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Ancient Middle Eastern Languages

Have you ever wanted to read the hieroglyphs on Egyptian coffins or the oldest versions of the Bible? Studying ancient languages provides avenues for experiencing cultures beyond the contemporary or even recent past. Just as learning another language allows you to navigate and experience a foreign country, so too does knowing an ancient language help you navigate and experience the past. Learning an ancient language gives you insight into the history, stories, and cultures of people who lived in the Middle East thousands of years ago.

The languages offered in the Department of Middle East Studies include some of the oldest recorded languages in history (Sumerian and Egyptian), the languages of the Hebrew and Christian scriptures (Hebrew and Aramaic), as well as many other languages that offer access to people and civilizations of the ancient Middle East. You can study the oldest written languages related to Arabic (Akkadian) or English (Hittite) recorded on 3000 year old clay tablets, learn the earliest preserved alphabet (Ugaritic), or read the thoughts of people living in Egypt during the Roman Empire written on papyri in Coptic.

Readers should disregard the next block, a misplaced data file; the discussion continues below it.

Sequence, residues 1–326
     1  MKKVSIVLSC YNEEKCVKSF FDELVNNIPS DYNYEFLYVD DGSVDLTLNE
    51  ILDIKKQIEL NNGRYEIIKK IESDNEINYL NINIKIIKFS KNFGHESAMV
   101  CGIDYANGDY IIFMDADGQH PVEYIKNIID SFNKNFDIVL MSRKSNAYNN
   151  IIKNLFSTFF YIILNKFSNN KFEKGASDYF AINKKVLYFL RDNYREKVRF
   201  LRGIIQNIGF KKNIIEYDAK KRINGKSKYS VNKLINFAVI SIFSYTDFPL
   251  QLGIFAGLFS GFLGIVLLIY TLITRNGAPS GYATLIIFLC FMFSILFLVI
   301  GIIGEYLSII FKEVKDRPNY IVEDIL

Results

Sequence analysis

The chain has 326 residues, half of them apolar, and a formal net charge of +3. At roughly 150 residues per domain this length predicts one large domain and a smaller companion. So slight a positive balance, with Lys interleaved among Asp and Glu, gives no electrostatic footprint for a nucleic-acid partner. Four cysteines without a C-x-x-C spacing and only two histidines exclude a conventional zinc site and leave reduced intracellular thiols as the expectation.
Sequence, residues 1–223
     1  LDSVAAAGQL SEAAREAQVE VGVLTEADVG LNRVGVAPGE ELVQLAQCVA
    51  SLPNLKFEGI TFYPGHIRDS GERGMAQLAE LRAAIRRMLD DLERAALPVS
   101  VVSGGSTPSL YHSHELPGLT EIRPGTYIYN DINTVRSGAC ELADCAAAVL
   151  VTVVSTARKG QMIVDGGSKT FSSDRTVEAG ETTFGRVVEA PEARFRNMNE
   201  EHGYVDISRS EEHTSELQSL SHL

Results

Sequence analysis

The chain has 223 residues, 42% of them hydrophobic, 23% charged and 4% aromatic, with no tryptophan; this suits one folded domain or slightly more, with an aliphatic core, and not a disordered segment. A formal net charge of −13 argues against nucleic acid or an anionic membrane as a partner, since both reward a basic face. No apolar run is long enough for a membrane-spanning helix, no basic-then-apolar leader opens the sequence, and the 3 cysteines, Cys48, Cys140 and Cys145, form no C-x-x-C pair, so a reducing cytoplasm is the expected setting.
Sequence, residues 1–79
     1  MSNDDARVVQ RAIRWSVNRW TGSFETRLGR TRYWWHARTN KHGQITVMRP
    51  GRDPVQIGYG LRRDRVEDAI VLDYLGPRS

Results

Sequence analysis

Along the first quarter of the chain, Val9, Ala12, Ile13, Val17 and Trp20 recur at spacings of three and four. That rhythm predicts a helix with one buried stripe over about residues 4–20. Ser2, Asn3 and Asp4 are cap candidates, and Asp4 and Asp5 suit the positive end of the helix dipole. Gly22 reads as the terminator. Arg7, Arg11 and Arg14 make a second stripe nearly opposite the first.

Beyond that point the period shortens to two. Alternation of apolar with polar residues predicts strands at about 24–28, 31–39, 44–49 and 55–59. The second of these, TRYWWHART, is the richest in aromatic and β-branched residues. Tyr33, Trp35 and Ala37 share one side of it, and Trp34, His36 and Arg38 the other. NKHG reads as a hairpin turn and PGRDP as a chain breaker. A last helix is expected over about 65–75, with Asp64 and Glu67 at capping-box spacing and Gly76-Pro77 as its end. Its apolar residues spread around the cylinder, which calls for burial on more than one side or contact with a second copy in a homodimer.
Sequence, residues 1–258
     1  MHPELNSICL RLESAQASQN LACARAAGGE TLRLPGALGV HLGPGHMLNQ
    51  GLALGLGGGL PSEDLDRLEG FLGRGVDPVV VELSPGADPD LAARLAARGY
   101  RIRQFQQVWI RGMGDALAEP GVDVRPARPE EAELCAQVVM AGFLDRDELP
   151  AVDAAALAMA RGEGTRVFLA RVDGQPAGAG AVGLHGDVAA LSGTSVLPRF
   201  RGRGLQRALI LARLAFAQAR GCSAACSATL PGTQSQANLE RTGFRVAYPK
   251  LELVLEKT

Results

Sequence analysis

Learning an ancient language will challenge you in new, exciting ways. Unlike when learning modern languages, you will not learn how to converse with fellow students. Since you cannot simply ask an instructor or a speaker about an ancient language, you will hone transferable skills such as puzzle solving, code-breaking, interpretation, pattern recognition, and probability analysis. You can read about the exploits of legendary figures, the complaints of a merchant, the songs of both the victorious and the downtrodden, and the calculations of businessmen. Any student interested in history, anthropology, linguistics, literature, philosophy, science, mathematics, EECS, or any other field would benefit from learning an ancient language.